Concerns about Lasik eye surgery

April 23, 2008 7:48:25 PM PDT
It's one of the most popular elective surgeries, with 700,000 Americans having Lasik correction each year. Some 12 million have had the procedure since it was approved in the mid-1990's. Most patients are thrilled with the results. But some say the surgery has ruined their eyesight and destroyed their lives. Now, they're taking their complaints straight to the FDA.

Some LASIK patients say they are left with starbursts, halos, double vision or night blindness after the surgery, often touted as quick, easy and problem-free.

"I have halos, I have starbursts, I have glare, my eyes are dry," patient Abby Ellin said. "This is not a success."

It's been a year since Ellin underwent Lasik surgery. She says she can now see without glasses, but only if she squints, and her eyes bother her constantly.

"It's just painful," she said. "And I feel like there is a film around my eye all the time."

Doctors who perform Lasik say, as with any operation, there is a risk. But they insist it's a very small percentage of patients who have serious complications.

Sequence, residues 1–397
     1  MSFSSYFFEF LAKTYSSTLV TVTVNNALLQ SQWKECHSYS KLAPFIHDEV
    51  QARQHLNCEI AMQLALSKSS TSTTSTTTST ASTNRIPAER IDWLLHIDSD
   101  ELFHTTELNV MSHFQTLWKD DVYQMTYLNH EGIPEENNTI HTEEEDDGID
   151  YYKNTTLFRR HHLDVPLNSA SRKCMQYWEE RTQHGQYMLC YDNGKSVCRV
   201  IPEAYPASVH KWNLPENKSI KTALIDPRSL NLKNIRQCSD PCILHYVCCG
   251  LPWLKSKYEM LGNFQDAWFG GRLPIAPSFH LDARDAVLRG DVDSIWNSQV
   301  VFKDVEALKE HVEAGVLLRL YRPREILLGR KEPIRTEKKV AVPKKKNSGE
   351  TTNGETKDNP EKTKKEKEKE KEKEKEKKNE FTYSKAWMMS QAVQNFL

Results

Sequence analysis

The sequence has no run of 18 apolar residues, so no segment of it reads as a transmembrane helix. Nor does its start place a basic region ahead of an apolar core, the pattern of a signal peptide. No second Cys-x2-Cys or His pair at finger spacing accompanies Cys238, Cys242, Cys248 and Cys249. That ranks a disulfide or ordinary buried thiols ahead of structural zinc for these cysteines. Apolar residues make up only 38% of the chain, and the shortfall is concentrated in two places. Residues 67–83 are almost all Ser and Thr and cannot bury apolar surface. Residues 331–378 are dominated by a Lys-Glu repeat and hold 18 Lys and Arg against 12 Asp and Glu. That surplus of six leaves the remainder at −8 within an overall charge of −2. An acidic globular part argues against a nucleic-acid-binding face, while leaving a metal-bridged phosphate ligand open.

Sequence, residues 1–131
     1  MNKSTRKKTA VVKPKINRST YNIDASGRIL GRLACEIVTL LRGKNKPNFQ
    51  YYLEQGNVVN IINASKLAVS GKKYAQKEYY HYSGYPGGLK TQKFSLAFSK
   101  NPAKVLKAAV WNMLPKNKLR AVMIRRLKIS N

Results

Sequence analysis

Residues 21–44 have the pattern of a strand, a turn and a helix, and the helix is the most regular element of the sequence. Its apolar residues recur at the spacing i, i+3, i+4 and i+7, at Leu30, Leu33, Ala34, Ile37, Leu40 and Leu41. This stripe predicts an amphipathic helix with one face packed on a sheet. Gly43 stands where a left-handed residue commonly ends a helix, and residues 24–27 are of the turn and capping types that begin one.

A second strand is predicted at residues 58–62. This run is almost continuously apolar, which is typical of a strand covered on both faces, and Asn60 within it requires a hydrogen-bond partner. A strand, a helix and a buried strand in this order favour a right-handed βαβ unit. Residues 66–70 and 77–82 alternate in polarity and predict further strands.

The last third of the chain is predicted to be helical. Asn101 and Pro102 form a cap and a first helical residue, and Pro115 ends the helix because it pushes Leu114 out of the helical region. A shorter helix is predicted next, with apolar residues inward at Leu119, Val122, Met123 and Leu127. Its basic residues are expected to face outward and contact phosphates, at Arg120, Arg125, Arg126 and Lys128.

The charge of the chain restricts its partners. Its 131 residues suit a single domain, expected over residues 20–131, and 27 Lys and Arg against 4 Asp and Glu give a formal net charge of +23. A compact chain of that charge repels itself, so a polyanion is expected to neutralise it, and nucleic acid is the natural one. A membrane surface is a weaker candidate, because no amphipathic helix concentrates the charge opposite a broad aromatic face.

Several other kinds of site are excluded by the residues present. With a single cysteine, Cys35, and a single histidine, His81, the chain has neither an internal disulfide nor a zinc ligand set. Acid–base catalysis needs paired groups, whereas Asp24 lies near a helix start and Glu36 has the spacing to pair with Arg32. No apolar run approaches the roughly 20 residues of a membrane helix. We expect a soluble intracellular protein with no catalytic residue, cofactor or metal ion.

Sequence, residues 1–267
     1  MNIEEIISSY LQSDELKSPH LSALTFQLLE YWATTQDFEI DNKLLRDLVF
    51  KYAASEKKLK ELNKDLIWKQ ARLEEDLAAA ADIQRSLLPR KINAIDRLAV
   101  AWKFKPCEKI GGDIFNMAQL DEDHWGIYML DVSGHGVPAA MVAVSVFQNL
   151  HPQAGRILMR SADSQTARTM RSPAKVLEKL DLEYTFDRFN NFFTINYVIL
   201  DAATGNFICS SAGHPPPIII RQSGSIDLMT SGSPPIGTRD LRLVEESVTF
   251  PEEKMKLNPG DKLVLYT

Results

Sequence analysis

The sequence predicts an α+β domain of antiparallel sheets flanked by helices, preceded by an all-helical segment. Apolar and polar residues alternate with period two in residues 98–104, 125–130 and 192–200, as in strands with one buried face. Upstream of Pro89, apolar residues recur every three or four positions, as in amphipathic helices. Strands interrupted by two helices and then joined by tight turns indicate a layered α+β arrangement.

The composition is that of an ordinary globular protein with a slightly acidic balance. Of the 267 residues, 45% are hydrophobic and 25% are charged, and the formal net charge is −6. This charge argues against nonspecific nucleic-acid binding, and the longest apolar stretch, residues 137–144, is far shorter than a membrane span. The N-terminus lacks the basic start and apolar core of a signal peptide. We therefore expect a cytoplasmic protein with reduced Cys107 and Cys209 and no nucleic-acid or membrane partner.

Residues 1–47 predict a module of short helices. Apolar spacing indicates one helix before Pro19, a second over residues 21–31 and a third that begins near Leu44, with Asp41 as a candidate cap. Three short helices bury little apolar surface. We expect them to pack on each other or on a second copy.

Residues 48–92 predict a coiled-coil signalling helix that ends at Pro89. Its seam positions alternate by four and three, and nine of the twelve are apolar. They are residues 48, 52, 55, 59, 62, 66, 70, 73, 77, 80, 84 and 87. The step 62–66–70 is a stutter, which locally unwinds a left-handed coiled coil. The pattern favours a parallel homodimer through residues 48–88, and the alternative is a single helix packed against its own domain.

The industry says studies show 95 percent of patients are satisfied with their results.

But given the millions who had the procedure, that still leave hundreds of thousands who may regret their decision.

Dr. Roy Rubenfeld, who has done thousands of Lasik operations and has even had the surgery himself, says patients should not take the procedure lightly.

"You have one pair of eyes, and it is a very important part of your life," he said. "And so doing your homework and seeking some who you can trust is critical."

That also means finding a doctor who will do the tests to ensure that you 're a good candidate.

Factors that may rule out Lasik include large pupils, thin corneas and extremely dry eyes.

There are clearly those who find success with Lasik, including the world's greatest golfer. Tiger Wood trusted his sight, and his career, to the procedure.

But those who are suffering say all the successes don't diminish the failures.

"I walk by eyeglass shops and I wish I needed to go inside," Ellin said. "And I meant that. I want my glasses."

For now though, she must live with the eyes and the eyesight she has.